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Iqbal Keeps Spreading

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8 Responses

  1. Jaya Ramji-Nogales says:

    Welcome to the blog, Jon, and thanks for the shout out — but just to clarify, I didn’t write the post on Iqbal to which you link above. The post was a guest blog by my law school classmate Adam Steinman (posted by me, which understandably may have confused the reader). I’m not yet sure how I come down on Iqbal’s impact!

  2. Howard Wasserman says:

    The real Iqbal takeover of pleading will come when a court uses it to demand more facts in a traffic accident case–what did the other driver *do* that was negligent? Then Form 9/11 truly will be dead.

  3. Jon Siegel says:

    I’m sure some judge will try that, but I don’t see how it could possibly be correct, given that Rule 84 provides that “The forms in the Appendix suffice under these rules.” That’s why I think the best fix for Iqbal is to add some new forms.

  4. Bruce Boyden says:

    This opinion takes Twombly/Iqbal to an extreme. “Negligently failed to remove or warn” seems to me functionally identical to “negligently drove.”

  5. Orin Kerr says:

    Jon writes:

    “The defendant knows perfectly well what the case is about — plaintiff slipped and fell in defendant’s store and claims that defendant is responsible. We don’t need any more to get started. There are other mechanisms to thrash out questions such as the questions raised by this case — specifically, discovery and motions for summary judgment.”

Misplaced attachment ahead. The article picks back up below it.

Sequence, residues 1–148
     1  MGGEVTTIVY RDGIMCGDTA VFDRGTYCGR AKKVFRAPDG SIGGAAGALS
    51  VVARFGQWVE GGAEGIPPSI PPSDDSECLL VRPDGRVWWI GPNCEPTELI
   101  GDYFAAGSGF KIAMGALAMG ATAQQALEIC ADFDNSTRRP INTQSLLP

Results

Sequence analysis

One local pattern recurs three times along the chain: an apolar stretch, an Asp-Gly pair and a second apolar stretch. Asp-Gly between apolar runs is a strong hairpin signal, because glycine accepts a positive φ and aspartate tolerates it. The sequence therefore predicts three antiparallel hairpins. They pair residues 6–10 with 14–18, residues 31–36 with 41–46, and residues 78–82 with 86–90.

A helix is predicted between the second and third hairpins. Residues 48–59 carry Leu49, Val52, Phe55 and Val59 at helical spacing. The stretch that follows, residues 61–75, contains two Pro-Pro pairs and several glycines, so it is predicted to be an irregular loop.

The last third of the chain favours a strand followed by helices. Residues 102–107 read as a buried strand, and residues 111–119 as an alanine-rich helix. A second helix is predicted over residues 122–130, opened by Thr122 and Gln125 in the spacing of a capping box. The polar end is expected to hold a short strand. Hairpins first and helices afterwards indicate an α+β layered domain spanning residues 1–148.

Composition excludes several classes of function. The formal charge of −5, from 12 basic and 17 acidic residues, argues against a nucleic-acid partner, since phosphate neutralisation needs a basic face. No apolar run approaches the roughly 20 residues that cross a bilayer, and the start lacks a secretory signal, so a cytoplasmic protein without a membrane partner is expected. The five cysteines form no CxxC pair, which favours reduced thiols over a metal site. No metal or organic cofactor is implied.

Those mechanisms exist, but they are costly. Might Iqbal lower some of the very high costs of civil litigation?

  6. AF says:

    “Might Iqbal lower some of the very high costs of civil litigation?”

    Iqbal might well be good policy. It’s not the policy reflected in the Federal Rules of Civil Procedure.

  7. disabled pro se in Fed Third Circuit Ct of Appeals says:

    We are disabled folks, unfortunately pro se, appealing the dismissal of a
    failure to accommodate
    2007 claim at a high school where child lost out on vocational education and all this unique high school offered. The District Court’s decision was April so only Twombly was cited. He is now a unfortunately a (disabled) adult. The Defendants are opposed to appointment of counsel for the appeal.
    I cannot find any other Iqbal tyep cases on failure to accommodate so far (to get a handle on how we did not allege properly). Might our case mean something for many people?

  8. r.friedman says:

    Orin —
    Rule 2 calls for a just and inexpensive resolution of the case, if plaintiffs can’t get relief for actual injury, it’s not just although it may be inexpensive. What about putting the shoe on the other fit, requiring a defendant to answer the complaint instead of just filing a 12b motion and enforcing the rules for admitting or denying strongly?

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